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Pets as Exercise Partners

By: Elizabeth Grace - Updated: 4 Dec 2012 | comments*Discuss
Exercise And Pets Health Benefits Of Pet

Most kids will at one time or another beg their parents for a pet. Choosing to add a cat, dog, or other animal to the family requires careful consideration since pets need continued care and maintenance and as all experienced parents will attest, at least some (if not most) of the care of family pets often falls to parents. While it is a big decision, there are distinct advantages to having a family pet, not the least of which is the opportunities for exercise that pets bring to family members.

Go Walk the Dog!

Puppies and dogs require regular walks for their health and also to give them outlets for their natural energy, making them better housemates -- and the same could be said for children! Kids and dogs seem to be designed for one another, with both enjoying active playtimes and often objecting to sudsy baths. When considering the purchase of a dog, it is important that parents take the time to see that their kids understand all that is required to properly care for their potential pet, including the necessity for daily exercise, year round and in all but the most extreme weather conditions. Once guidelines for the care of a pet have been covered, though, the addition of a pet can help children to stay active and develop a sense of responsibility that may carry into other areas of their lives.

Pets can Enhance Physical and Mental Health

Many kids today are far too sedentary, spending much of their free time parked in front of the computer or television, but kids who have pets may be inclined to find more productive (and healthier!) ways to spend their time. Getting kids up off the couch and outdoors is good for them not only physically, but emotionally and socially, as well. Kids who exercise their pets on a daily basis get fresh air and exercise, both of which help to relieve stress and anxiety and may stave off mild to moderate depression. And since most children are enchanted by animals, even the shyest kids may be comfortable with the attention that their pet elicits from others, helping socially awkward kids to open up and develop confidence around other children.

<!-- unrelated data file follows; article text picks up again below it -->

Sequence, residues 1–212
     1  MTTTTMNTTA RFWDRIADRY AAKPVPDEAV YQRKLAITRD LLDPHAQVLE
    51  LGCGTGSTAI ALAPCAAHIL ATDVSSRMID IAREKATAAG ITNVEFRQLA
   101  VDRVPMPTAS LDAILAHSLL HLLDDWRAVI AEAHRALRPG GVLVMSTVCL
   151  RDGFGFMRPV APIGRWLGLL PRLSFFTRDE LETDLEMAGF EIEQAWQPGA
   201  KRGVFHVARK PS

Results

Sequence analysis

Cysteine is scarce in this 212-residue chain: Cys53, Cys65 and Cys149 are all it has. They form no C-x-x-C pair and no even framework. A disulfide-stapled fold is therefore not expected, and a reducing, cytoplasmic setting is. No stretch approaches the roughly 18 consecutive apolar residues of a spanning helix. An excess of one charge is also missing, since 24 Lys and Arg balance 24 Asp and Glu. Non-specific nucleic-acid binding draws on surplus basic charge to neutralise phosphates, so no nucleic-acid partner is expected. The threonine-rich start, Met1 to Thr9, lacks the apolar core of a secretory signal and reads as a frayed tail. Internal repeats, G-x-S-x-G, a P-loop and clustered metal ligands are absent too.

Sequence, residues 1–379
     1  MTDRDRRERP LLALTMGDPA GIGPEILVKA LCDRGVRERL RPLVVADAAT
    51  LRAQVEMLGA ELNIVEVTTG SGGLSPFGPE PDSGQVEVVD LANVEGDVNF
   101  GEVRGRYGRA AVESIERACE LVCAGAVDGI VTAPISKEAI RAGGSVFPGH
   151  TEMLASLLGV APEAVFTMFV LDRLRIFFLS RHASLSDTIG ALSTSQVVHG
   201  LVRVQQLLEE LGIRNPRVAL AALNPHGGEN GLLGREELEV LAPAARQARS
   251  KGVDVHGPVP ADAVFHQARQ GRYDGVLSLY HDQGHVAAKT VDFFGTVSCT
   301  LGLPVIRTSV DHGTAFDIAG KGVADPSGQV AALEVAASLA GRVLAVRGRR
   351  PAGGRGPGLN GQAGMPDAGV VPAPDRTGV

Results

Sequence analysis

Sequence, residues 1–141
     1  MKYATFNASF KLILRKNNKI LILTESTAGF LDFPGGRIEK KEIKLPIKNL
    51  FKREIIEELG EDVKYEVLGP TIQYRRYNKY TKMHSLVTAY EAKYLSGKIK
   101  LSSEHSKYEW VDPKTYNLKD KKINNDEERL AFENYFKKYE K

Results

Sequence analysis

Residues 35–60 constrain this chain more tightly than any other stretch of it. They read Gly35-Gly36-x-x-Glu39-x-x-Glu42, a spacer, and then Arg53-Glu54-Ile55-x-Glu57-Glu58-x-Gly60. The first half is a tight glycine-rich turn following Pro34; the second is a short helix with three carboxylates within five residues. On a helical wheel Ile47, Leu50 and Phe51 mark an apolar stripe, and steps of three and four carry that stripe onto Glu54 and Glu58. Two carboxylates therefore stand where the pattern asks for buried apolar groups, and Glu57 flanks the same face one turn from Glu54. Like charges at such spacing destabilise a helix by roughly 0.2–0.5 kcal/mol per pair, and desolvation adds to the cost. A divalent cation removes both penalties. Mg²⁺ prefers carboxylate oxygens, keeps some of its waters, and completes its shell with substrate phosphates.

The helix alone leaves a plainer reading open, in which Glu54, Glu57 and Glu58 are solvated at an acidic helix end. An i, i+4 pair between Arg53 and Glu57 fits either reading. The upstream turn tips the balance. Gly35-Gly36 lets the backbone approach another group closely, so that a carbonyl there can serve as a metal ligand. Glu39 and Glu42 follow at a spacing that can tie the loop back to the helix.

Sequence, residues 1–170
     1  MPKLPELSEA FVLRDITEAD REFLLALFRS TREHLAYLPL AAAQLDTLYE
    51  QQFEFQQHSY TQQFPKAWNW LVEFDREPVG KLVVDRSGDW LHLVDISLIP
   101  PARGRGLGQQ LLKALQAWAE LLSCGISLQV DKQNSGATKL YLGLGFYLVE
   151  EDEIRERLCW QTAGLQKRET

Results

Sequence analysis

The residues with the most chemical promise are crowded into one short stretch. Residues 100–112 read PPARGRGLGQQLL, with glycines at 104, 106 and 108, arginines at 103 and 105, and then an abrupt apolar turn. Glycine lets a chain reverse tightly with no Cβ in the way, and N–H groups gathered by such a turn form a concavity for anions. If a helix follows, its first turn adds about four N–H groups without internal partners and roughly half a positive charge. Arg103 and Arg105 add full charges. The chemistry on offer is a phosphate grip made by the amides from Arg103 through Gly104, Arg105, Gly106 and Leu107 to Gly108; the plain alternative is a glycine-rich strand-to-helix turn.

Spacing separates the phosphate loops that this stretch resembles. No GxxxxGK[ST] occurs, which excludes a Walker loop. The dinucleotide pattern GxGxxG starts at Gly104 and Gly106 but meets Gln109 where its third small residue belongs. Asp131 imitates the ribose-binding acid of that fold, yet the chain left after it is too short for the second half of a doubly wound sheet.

There is even some evidence to suggest that families who have pets can greatly reduce the chances that their children will suffer from allergies and asthma. While old school thinking often blamed the presence of animals in a household for childhood allergies, research now indicates that early contact with animals may actually desensitise children's immune responses to pet dander or other possible pet related allergens, making them less prone to developing allergies and asthmatic symptoms.

Lions and Tigers and Bears, Oh My!

While not all children are fortunate enough to have pets of their own, all kids can have imaginary pets and can even pretend to be animals themselves. Young children are often very creative and enjoy emulating the sounds and movements of not only domestic animals, but wild ones as well. Parents should encourage this type of creative play, even leaping like monkeys and galloping like horses with their kids. Activity and silliness are good for kids and their parents -- life can be all too serious at times. What better way to get a bit of exercise, let off some steam, have a good giggle, and forge strong bonds with children than romping with them about the garden, flapping your wings and pretending to fly like a bird?

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